Abid Hussain & Wajeeh Imam;
The financial crisis and the current debt situation in Pakistan require concerted efforts to find a sustainable traditional solution. Foreign debt is often created to promote economic growth, which is not possible in the context of domestic resources, technology, consumption patterns and economic management processes. In 2021, the public debt of Pakistan is estimated at Rs 40.279 trillion or US $222 billion which is 93.7% of the country’s gross domestic debt (GDP). About Rs 24.309 trillion the government has taken from domestic enterprises and about Rs 2.3 trillion the government has taken from the public sector enterprises. Similarly, from 2021 Pakistan’s external debt is now close to US $ 121.75 billion. Foreign debt is expected to increase to USD 118500.00 million in the last quarter of 2022. Overtime, Pakistan foreign debt is expected to be projected at approximately 118500.00 USD million at the very end of 2022.
On the domestic side, the heavy burden of paying off public debt has made the much-needed financial adjustment difficult and unorganized. In 2019, an increase in interest rates from 10.25% of GDP to 07% in year 2020 and an increase of 8.75% in year 2021 makes the decline in deficits difficult to achieve. Debt failure is apparently the main reason for the decline in GDP investment rates by 2020 and 2021. The rupee dollar exchange rate used in debt bulletin since the end of October 2021 at that time it was around Rs. 172 and currently the dollar price in 2022 is risen to Rs .177 and the external debt has been expanded. Pakistan debt reserves related to residual gross domestic product (GDP) or economic growth rate has also been risen.
In 2021, about $10.36 billion needs to payback by the government by virtue of external debts including interest installments and payments while expected inflows are assessed at $14.37 billion. During the initial 10-months of FY2020-21, the government has payback a measure of $7.52 billion including $6.31 billion as principal and $1.21 billion as interest installments. To accomplish its different commitments, the government acquired $10.5 billion as program and venture debts in a similar period. Along these lines, the net inflow of the loans (external) is $2.98 billion. Likewise, the government additionally payback $2 billion to Saudi Arabia during the current fiscal. Thus, the true net inflows further diminished to $0.98 billion in particular. It could be noticed that the support of budget helps the government span gap in financing and gives fiscal space to make essential uses. This space has assisted the government with improving its spending on community particularly wellbeing and social security and moderate the financial effect of the Coronavirus pandemic. The aftereffects of government’s policies, business strategy and different measures are likewise clear from 3.94% development rate which not just saved the factor of employment of millions of Pakistanis yet additionally worked on all major indicators of economics.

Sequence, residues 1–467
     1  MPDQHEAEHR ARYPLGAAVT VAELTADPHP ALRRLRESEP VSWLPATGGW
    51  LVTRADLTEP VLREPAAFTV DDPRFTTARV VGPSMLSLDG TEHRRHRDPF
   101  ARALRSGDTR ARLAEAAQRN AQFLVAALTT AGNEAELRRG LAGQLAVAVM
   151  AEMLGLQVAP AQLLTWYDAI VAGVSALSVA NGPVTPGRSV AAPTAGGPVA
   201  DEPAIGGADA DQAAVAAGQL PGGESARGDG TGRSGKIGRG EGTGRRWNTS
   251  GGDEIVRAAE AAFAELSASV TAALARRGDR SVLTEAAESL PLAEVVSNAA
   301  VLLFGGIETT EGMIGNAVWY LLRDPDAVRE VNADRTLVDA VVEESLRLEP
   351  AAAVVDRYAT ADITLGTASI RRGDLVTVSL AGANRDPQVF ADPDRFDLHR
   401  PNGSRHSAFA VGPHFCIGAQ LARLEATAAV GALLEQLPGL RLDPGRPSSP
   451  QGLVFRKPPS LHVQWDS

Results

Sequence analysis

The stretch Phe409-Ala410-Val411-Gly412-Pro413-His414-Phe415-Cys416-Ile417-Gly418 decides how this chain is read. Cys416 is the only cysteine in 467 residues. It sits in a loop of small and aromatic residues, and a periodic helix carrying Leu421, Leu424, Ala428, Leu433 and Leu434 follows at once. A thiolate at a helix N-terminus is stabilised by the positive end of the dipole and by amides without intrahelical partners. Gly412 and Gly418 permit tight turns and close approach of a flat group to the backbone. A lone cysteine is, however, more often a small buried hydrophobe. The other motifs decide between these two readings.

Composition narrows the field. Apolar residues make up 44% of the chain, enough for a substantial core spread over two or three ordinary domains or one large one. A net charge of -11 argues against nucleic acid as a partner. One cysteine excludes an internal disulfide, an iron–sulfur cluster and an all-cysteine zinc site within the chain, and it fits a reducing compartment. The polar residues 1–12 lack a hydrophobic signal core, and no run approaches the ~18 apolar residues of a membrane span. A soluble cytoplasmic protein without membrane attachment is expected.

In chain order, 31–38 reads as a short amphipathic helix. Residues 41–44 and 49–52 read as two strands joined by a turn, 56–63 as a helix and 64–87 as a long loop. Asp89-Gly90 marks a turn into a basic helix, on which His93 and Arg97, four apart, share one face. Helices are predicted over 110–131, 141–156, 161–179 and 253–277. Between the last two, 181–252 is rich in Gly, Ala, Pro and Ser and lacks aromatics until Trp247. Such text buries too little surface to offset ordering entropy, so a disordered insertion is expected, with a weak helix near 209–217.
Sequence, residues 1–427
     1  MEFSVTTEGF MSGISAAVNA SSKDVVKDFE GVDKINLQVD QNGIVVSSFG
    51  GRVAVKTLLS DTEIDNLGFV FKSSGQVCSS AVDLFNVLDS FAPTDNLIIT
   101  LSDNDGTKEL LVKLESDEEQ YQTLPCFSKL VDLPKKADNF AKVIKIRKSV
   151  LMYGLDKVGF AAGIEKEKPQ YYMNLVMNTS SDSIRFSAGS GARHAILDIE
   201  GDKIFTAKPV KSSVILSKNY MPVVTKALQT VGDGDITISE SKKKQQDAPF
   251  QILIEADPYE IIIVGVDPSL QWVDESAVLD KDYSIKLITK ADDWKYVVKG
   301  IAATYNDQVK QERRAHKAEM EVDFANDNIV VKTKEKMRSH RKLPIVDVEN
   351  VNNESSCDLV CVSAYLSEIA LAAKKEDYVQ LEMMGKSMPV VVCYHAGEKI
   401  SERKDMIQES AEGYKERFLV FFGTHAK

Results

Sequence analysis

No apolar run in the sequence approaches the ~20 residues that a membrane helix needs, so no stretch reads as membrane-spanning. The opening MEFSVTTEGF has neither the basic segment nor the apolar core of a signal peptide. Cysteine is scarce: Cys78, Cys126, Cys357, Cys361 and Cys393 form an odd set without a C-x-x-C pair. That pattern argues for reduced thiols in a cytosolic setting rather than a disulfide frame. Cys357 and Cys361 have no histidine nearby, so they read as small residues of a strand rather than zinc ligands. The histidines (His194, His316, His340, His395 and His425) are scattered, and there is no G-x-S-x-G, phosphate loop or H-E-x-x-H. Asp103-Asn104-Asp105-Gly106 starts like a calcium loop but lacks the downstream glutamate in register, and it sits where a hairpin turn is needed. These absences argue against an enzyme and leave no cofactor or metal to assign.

In 2020, the G20 and the Paris Club have agreed to postpone the payment of more debt to the world’s poorest countries, as clearing the coronavirus has affected the global economy. In June 2020, Pakistan was selected as one of the countries to find relief from debt repayment in an effort to reduce the financial debt to reduce the financial impact of coronavirus crisis. Despite the debt relief, external debt burden and the credit risk remain high. In any case the, access to the international financial markets has been severely curtailed, it is due to the fact that the Paris club has used “therapeutic comparison’ in private sector investment. In Pakistan the flow of the foreign loans may have a negative impact on the need for savings and the savings rate of the flow of Pakistani private sector remains low due to low real interest rates and lack of legal and secure investment opportunities. In addition, poor and low income people suffer from inflation.
The debt crisis in Pakistan has long been burden. The risk of non-payment of foreign debts began in 1996 near the end of the second Benazir government. Despite the importance between the understanding on debt problem and making a plan to deal with it, there was not much planned work on debt issues such as the nature of Pakistan debt crisis. Debt settlement will wreak havoc on Pakistan’s development as it faces the global economic stagnation and the emergence of productive growth opportunities through innovative technologies represented by the proliferation of computers, the rapid growth of the internet and the decline in the communications costs
Improving better policy and institutional strengthening in the various sectors involved in debt management. Large-scale economic development should be a focus on capital production, savings development, and individual investment and financial management, improved public and private productivity through better efficiency, better governance and reduction. Increased revenues and exports while eliminating current government spending in addition to profits and improving the use of state-owned enterprises.